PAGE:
Usually, when your day begins with abject failure and your planned outdoor activities are put in doubt by intermittent rain, you’ve got a pretty lackluster Saturday. It can be difficult, but Lynnette and I hold our weekends so dear that we refuse to allow such things to ruin us. Even when the source of the sabotage is internal, such as a 5-year old rolling around in bed whining about how long its been since she’s been to 808 Bounce and please can we go.
All the pageantry and emotion of Friday night hit Lynnette and Madison hard. By the time they emerged from the bedroom Saturday morning, it was 9:30 and the final load of laundry was already in the washer. Lynnette must have hit REM sleep hard and had a dream about snacks. This isn’t unusual; Lynnette thinks about snacks with the same frequency as those scientists claim men think about sex. She awoke speaking of a desire for cronuts. I expressed my doubts on account of it was already 9:30.
We arrived at Saint Germain’s bakery near lunch time and they were sold out of cronuts. The countenance of the girl behind the counter flashed contempt when I asked her if they still had any cronuts. Lynnette’s face displayed disappointment. Madison? She went into opportunist mode. “I didn’t eat breakfast, can we just get something here?” she asked. She had, of course, already seen the cinnamon roll. Mission: Cronuts is on for next weekend.
After errands at Kahala Mall, we headed into Kaimuku to add another entry to our 2013 Playground Tour. We had seen the playground at Kaimuki District Park a few weeks ago when we went to lunch at Happy Day. Madison and I made a mental note to return, and it was offered in lieu of 808 Bounce. The swing set drew Madison’s attention.
The first time Madison rode a swing, she only wanted to move at 2 miles-per-hour and if anyone threatened to push her, she screamed. She’s obviously better about it now, perhaps the rides at Disney Land have helped. Lynnette and I took turns pushing her. She called the swing her hang glider. She terrified me by jerking her head back suddenly. I thought she was going to fall out completely. Madison has notoriously sweaty hands. Between that and the way she randomly takes her hand off the chain to scratch her nose, I am afraid she’ll lose her grip and go flying out of the swing.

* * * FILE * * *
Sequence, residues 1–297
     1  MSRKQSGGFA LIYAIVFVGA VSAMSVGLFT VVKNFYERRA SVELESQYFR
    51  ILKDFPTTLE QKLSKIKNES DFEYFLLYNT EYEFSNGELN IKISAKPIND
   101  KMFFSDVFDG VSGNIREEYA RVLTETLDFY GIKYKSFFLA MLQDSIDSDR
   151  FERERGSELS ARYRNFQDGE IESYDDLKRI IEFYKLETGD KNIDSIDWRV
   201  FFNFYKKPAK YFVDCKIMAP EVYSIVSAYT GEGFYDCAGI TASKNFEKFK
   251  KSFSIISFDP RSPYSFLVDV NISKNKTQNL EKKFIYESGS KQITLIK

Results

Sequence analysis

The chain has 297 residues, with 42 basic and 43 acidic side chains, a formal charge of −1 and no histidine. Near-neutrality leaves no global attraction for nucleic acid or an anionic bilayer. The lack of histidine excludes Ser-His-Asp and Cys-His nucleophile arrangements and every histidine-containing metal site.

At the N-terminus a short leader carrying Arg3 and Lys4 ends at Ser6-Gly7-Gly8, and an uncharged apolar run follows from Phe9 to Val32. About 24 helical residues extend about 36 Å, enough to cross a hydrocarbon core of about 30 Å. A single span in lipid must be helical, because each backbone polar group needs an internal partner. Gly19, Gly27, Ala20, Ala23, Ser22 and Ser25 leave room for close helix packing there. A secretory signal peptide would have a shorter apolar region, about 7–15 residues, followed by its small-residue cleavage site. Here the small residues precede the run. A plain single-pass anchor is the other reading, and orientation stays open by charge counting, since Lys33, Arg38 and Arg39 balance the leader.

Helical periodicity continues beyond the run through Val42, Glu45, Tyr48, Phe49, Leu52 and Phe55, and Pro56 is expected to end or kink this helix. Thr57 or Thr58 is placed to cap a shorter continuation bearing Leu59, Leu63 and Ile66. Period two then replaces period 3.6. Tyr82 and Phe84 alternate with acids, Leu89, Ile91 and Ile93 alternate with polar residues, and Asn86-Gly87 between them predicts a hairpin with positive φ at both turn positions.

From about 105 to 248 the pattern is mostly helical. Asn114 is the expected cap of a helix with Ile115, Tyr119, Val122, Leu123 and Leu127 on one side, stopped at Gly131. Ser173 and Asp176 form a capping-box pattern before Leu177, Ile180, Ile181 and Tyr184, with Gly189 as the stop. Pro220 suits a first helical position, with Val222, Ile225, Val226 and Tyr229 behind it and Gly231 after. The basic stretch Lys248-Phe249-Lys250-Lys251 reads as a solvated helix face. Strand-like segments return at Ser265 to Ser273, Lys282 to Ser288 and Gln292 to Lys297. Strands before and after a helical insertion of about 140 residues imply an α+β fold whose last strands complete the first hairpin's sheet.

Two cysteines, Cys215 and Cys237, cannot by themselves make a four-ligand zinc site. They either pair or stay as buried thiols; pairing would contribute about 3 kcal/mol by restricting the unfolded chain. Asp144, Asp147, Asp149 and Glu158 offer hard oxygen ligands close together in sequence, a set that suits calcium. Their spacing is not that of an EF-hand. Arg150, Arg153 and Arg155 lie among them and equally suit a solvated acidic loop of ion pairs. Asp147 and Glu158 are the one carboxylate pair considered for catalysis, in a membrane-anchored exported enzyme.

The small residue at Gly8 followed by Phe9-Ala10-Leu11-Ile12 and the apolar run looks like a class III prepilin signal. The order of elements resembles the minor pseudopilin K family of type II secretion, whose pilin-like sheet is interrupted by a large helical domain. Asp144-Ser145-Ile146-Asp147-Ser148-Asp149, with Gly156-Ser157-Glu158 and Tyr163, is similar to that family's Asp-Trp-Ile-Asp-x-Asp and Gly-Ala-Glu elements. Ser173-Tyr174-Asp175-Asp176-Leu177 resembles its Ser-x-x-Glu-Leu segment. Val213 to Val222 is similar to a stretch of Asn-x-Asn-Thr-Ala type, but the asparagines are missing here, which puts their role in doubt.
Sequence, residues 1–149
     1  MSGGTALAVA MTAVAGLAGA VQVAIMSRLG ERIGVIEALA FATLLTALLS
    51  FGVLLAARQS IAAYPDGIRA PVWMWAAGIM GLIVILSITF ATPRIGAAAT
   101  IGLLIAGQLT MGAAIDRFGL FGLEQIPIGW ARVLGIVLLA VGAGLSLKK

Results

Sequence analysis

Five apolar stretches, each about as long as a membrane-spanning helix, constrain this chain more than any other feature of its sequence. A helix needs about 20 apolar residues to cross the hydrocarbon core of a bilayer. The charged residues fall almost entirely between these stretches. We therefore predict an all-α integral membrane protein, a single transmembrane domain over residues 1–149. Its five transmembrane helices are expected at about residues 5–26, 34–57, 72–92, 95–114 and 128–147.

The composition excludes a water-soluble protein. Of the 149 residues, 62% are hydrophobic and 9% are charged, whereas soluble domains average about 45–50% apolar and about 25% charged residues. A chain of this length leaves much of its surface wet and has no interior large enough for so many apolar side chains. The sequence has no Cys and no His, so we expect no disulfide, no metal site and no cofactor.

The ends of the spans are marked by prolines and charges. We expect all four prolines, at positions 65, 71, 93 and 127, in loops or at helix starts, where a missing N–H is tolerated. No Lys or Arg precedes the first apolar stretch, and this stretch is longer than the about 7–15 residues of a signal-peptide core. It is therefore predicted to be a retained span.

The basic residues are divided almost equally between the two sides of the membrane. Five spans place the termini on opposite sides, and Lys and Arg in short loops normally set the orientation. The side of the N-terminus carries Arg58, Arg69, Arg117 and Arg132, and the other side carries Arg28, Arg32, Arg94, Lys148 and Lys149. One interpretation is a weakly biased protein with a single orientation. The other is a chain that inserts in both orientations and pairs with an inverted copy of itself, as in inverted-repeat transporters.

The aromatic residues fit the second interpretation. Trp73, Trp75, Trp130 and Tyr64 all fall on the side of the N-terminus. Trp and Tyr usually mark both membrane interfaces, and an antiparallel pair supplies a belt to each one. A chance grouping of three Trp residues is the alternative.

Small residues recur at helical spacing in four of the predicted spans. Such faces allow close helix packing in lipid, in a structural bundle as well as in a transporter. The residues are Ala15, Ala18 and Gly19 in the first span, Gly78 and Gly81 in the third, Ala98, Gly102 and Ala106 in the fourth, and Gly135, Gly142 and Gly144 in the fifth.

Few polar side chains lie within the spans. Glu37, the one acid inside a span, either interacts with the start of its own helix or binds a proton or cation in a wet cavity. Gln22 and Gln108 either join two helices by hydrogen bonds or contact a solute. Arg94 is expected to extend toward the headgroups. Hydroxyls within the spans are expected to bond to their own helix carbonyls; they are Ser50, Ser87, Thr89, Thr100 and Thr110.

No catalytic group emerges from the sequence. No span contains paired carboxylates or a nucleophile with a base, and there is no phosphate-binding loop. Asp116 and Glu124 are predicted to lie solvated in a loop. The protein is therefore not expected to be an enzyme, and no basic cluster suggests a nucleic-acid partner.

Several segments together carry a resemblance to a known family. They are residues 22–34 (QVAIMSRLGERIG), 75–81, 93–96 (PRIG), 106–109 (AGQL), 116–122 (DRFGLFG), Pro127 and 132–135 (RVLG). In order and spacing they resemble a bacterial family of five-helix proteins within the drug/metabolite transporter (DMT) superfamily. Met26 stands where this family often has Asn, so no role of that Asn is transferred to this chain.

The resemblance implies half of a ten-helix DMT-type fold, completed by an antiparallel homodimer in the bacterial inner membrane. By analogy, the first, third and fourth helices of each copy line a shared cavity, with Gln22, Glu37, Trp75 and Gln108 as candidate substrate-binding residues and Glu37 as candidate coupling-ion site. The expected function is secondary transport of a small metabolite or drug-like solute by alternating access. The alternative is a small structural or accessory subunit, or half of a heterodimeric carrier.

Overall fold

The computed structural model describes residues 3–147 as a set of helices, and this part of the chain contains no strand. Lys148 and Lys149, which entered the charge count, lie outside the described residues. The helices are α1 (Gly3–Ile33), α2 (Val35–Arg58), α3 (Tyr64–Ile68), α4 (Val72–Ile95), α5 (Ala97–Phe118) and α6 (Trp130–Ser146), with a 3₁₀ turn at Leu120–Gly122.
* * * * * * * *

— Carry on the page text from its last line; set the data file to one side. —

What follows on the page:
As you know, it can be difficult to discern the features of a play set from a distance. If, however, you see the colors blue, green, and orange, there is a very high likelihood that you’re looking at the most abundant playground set on the island. Madison and I try to avoid it like the plague. A few weeks ago while I was driving home in traffic, I spotted the top of a different set at Pearlridge Elementary. I saw yellow and green, and thought we’d likely visit it on a Sunday, seeing how it was so close to my parents’ house.
Madison let it be known that she was thirsty as we headed west from Kaimuki. I planned to hit up 7-11 at Westridge, then drive right up the road to Pearlridge Elementary. It’s a very good playground. There’s a little musical play set for younger children. There’s a wall for rock climbing and chain climbing. There’s a traditional area with monkey bars and several slides. The only problem was that water had pooled at the bottoms of the slides because of the rain. We got lucky: it drizzled sporadically, but did not start pouring until we were on our way back to Mililani. “Play, play, play!” Lynnette shouted the first time the drops fell. Madison took off. Lynnette was right; it would have been a shame if we discovered the playground only to have the weather ruin it.
It was a fine addition to the Playground Tour. I like fooling around with the camera and trying to take decent pictures. Once a week or so, I have some of my students try to teach me how to use the camera beyond the sports setting. Madison isn’t invested in the photography, but she really does enjoy the build up that comes along with our safaris. I personally love the moment when she sees the playground before we’ve parked and she’s so excited that she has to point out the obvious, “The playground, dad!” If we’re lucky, we can park quickly and get to playing. Sometimes, finding a stall takes a little longer than Madison can handle and she backseat parks, telling me to just hurry up and park already, oblivious to laws about fire hydrants. Madison and I have a fall break coming up. The Playground Tour 2013 rolls on!